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Splatsin cannabis retailer says she's been forced out of market by non-Indigenous interlopers on reserve

'Colonialism' over cannabis

The owner of a First Nations-run cannabis shop on Splatsin land says she's closing the doors due to too many non-Indigenous retailers moving in.

River Johnson of High Status cannabis says the local market is oversaturated and she can't compete.

Johnson announced the closure on the shop's Facebook page.

"Due to the saturation of the market here, we have decided it's not In our best interest to keep moving in this direction," she wrote.

"We are and have been in a state of white knuckling it for some time now. We can no longer keep our doors open and will no longer be able to employ Splatsin people," Johnson added.

High Status was the first 100% Indigenous Splatsin-owned dispensary to open on the North Okanagan reserve, in August 2019.

Hers is just one of two Splatsin-owned cannabis shops out of a dozen that have sprouted up on reserve.

She says the system "is a free for all," especially for non-Indigenous operators who "want to escape provincial and federal laws."

"It's truly a disgrace," she said.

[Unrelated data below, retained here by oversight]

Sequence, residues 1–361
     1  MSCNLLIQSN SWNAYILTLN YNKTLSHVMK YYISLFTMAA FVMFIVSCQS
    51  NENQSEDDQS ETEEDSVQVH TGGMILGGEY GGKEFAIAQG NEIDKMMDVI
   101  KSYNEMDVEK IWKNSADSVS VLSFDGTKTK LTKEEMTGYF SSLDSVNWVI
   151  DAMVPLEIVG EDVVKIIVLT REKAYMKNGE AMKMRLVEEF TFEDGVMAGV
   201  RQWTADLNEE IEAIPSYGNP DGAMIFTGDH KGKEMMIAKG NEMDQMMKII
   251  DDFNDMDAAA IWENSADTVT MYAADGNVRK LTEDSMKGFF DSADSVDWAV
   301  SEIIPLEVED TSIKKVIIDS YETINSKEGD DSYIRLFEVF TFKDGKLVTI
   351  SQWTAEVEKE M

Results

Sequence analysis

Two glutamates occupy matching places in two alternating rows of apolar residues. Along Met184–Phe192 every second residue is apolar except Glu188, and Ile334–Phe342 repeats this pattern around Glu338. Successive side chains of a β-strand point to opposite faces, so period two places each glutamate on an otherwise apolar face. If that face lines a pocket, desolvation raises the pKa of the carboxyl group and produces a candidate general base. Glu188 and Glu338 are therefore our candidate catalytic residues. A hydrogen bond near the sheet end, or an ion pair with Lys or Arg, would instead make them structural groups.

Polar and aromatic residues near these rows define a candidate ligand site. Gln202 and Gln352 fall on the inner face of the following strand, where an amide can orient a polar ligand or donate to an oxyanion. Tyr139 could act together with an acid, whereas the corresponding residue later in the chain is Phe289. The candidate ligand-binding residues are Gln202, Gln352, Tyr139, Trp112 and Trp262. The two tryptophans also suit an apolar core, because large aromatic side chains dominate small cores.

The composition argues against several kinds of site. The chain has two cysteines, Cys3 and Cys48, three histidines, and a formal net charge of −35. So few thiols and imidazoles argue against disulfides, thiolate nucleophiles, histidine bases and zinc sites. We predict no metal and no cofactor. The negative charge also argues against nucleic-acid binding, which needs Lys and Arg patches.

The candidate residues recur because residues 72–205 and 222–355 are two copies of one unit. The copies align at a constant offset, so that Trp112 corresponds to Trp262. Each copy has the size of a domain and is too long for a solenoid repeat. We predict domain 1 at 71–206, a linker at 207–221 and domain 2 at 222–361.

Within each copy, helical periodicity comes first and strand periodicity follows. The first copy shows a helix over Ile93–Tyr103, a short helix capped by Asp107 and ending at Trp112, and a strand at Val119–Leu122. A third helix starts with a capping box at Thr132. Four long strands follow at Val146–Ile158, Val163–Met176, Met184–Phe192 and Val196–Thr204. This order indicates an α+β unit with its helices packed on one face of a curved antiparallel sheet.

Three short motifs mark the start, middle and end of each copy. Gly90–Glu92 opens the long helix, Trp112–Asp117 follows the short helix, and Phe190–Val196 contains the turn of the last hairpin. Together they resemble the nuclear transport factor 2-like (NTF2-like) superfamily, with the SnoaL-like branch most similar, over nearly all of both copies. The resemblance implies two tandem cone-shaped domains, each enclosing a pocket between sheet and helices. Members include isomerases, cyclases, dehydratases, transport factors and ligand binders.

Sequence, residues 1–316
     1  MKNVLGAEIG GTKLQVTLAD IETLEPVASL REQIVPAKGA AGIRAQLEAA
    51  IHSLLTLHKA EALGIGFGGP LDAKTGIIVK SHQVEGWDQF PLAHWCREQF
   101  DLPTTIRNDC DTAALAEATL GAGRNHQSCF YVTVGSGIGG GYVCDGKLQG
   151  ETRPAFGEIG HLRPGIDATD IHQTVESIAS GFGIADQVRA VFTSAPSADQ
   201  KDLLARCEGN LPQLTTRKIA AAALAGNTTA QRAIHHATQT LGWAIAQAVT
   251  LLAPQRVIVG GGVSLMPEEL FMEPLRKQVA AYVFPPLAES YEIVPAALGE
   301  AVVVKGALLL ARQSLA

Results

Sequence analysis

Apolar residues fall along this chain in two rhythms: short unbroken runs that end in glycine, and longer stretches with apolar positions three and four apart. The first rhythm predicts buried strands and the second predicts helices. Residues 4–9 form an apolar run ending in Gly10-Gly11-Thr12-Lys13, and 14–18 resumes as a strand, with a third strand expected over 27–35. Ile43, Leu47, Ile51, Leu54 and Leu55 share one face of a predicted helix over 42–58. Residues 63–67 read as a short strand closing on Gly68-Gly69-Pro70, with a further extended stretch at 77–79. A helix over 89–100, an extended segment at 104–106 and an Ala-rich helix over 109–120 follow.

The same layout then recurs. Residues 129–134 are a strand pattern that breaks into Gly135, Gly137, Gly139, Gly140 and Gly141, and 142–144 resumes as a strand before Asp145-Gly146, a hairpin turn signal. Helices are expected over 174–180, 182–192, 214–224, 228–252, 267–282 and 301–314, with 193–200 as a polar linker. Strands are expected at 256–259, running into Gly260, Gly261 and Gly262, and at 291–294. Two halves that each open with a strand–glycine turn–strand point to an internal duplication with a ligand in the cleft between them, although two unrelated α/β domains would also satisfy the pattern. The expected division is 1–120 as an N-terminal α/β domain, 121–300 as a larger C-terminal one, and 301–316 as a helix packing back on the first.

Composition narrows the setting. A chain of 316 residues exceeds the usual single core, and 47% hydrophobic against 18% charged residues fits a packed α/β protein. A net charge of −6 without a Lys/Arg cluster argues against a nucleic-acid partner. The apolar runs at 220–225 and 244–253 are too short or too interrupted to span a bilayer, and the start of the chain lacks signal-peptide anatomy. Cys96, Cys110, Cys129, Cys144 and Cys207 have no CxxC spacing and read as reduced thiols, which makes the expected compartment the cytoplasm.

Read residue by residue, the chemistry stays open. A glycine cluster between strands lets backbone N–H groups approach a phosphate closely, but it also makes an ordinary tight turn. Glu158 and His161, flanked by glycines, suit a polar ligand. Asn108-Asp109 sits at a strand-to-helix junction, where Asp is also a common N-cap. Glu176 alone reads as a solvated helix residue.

Johnson says Splatsin has no bylaws regulating cannabis sales, unlike the Okanagan and Tk'emlups bands.

"It's a sh** show, in my opinion."

She says she has "kept quiet in trust and hopes of change by Splatsin leadership," but she sees no hope of change in the near future.

Johnson said it is colonialism all over again ... "only this time, it's pot."

She had seen the business opportunity as "an opportunity to pull ourselves out of poverty, to be sovereign ... I'm so frustrated."

She said she feels non-Indigenous operators are taking advantage of opportunities that should belong to the Splatsin people.

"Does this sound or look like we are empowering our Splatsin peoples? I dont think so. I believe we are still allocating a movement of conquering our own people at home."

She says there was no mention of cannabis regulation during the recent Splatsin elections, but that she hopes it comes up in the future. She ran for council herself to bring about change.

She says with a population of just 2,965, a dozen pot shops is way too many. "You don't have a dozen Lululemon stores in Kelowna," she added.

The issue is not just of concern on reserve.

Sarah Ballantyne of Spiritleaf in Vernon alleges the lack of regulation leaves an opening for organized crime to enter the retail market.

Ballantyne, spokesperson for the Okanagan Cannabis Collective of licensed retailers, has long complained about unlicensed operators and the uneven playing field that is neither regulated nor policed.



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